Let me put it this way and perhaps it will be more clear. In my relationship with another - if I am at all aware - I discover my reactions, I watch my own status and how the previous experiences of discovery either condemn or justify what I have newly discovered in relationship. That new discovery is also stored up, and when next I am aware of my relationship with another and see my reactions, which is the process of self-knowledge, the past again dictates, or translates in terms of the past, what I have discovered.
Surely, what I am saying is not very complicated. It is simple enough if we look at it. You see, as long as I am accumulating, gathering, storing up, my mind is thinking in terms of what to do and how to do it, and therefore my mind can never be free, because the whole process of my thinking is based on past accumulation, on past experience. So, thinking only prevents further discovery. What is thinking? It is the response of the past, verbalized and communicated, the past being the accumulations, the various influences, the conditionings of the mind. Thinking can never resolve the problem, thinking can never bring about a completely new state, a total transformation of our being, because thinking is the result of the past.
Now, is it possible for thought to come to an end? That is the problem. If thought can come to an end, then there is the cessation of all accumulation, and hence there is a possibility of the new. This is not as fantastic as it sounds, if you really go into the matter. When you think, surely your thinking is the result of the past, of your conditioning, of your belief, of your background, conscious or unconscious. According to your background you respond, and that response is called thinking; and through thinking you want to solve your problems. And the more you acquire, the more you accumulate experience, the greater you think will be your capacity to go into the problem and resolve it.
So, when you see that, then the inevitable question arises within yourself, which is: can thought come to an end so that I can discover the truth of the problem, and not translate it in terms of my experience or according to my background? Thinking is really a positive process and not a liberating process. We are brought up from childhood to know what to think; newspapers, magazines, everything around us tells us what to think. We are accustomed to gathering, to accumulating, which prevents us from actually understanding any particular problem totally and completely. We can understand a problem completely only when the mind is still, which is when there is no compulsion of any kind.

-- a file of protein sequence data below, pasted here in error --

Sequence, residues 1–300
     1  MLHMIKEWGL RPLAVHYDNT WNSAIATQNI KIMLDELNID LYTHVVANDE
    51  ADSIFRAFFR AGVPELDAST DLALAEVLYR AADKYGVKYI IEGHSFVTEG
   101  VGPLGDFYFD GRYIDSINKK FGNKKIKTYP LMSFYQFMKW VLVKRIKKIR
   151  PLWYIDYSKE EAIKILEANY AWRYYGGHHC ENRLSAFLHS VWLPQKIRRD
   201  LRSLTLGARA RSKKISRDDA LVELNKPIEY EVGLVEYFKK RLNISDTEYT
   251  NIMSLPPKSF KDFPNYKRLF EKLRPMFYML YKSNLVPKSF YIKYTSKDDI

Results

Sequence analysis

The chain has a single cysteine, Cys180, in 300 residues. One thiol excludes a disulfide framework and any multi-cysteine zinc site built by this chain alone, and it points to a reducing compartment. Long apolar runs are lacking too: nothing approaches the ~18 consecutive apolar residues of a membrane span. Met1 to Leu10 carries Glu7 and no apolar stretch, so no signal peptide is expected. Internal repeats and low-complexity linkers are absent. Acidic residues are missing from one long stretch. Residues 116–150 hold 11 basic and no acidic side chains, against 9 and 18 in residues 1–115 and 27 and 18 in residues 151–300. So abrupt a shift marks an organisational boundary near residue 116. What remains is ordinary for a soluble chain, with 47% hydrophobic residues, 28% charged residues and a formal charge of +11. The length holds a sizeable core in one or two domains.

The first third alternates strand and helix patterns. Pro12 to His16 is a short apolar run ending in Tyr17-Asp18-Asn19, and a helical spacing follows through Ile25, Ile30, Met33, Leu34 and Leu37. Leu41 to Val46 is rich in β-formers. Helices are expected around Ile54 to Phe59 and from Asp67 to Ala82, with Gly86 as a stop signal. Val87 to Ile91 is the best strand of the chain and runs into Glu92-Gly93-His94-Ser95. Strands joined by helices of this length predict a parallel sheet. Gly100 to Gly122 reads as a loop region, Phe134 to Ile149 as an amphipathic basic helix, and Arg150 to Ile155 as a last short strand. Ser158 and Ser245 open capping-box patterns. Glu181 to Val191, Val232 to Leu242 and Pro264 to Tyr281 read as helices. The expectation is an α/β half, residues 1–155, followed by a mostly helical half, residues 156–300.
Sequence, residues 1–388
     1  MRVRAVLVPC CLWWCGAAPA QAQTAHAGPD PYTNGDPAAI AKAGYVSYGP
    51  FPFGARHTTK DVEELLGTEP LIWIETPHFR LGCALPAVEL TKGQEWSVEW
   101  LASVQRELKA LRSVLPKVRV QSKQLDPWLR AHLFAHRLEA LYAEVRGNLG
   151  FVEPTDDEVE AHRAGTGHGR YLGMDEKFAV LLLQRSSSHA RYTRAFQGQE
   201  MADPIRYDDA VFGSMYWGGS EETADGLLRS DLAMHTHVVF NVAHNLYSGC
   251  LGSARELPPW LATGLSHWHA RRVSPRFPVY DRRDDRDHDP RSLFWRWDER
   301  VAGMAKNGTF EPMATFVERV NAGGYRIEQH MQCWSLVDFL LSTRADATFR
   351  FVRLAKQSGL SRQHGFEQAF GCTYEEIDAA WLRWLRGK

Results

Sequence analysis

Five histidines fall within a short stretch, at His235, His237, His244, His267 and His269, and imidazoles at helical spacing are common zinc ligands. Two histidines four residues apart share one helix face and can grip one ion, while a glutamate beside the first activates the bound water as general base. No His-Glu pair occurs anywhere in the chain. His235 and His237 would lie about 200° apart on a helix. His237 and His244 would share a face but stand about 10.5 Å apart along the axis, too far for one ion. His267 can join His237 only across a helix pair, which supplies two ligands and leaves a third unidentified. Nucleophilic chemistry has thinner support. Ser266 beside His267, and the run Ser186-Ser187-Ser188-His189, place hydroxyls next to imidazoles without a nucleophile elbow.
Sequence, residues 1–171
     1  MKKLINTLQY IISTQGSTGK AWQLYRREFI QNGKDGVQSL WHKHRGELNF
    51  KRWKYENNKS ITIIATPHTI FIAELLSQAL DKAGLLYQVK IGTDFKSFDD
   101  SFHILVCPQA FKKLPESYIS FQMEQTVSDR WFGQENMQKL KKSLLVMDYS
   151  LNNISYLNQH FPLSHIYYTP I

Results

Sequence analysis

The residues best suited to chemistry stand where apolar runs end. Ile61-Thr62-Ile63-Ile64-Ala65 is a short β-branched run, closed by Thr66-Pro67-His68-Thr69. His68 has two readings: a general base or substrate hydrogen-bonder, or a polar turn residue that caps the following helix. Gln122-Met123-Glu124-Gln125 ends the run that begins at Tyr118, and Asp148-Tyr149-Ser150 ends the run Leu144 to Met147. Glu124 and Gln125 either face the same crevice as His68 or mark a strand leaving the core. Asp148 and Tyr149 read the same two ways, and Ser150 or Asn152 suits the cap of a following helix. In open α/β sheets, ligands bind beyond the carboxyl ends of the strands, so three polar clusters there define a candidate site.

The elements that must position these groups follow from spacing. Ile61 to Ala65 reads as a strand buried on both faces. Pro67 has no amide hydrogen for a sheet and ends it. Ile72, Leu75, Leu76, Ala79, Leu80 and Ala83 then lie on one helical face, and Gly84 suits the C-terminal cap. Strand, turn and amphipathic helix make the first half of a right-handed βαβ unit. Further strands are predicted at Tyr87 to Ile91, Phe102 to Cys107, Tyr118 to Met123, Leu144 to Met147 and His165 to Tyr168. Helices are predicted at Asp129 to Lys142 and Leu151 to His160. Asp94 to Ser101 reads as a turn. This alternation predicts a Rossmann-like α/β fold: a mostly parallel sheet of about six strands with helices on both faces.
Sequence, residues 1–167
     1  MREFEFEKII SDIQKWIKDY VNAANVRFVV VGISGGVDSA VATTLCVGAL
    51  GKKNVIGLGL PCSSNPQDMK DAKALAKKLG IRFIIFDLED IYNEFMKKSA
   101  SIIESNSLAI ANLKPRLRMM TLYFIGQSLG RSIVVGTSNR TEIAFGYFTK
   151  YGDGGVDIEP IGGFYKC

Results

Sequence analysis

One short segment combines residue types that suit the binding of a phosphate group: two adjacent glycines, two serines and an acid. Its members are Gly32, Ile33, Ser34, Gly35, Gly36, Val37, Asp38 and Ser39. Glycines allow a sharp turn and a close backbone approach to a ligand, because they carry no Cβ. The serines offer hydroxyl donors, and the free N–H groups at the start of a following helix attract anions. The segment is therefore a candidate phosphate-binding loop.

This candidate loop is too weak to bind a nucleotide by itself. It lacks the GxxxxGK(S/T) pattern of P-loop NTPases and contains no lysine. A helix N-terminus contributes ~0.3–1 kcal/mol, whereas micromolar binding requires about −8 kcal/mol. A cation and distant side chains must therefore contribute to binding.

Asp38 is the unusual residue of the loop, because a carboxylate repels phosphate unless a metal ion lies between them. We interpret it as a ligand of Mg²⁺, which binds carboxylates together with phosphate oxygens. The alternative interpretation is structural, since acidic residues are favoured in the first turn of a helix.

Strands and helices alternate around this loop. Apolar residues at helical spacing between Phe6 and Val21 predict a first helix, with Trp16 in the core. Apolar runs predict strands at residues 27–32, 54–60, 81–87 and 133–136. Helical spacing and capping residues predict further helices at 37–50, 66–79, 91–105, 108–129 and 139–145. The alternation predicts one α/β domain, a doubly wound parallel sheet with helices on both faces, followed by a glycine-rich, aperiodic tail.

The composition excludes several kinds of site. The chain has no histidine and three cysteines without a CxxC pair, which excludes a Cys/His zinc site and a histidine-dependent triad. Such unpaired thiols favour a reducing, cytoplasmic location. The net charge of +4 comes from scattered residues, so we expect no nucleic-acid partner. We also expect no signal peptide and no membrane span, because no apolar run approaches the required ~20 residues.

If you have really listened to this, you will not ask how thought is to come to an end, you will not say, "Tell me the method". The very asking of that question, the desire for a method, is another form of accumulation. But if you see the truth that only with the ending of thought can the problem be resolved, if you see it without trying to utilize it, then you will discover the significance of the whole process of thinking. Thinking actually strengthens the "me", the self, the self which is the maker of trouble, the maker of mischief, misery, whether it is identified with a nation, with a group, with a religion, or with an idea. Thinking is the outcome of the "me", which has been accumulated for centuries; so thinking will not solve our problems, on the contrary, it will multiply them, bring greater misery. If we see the truth of that, if through self-knowledge we see the truth of how the mind works, the conscious as well as the unconscious, if we are aware of the total process, then that very awareness will bring about the cessation of thought, and therefore stillness of the mind.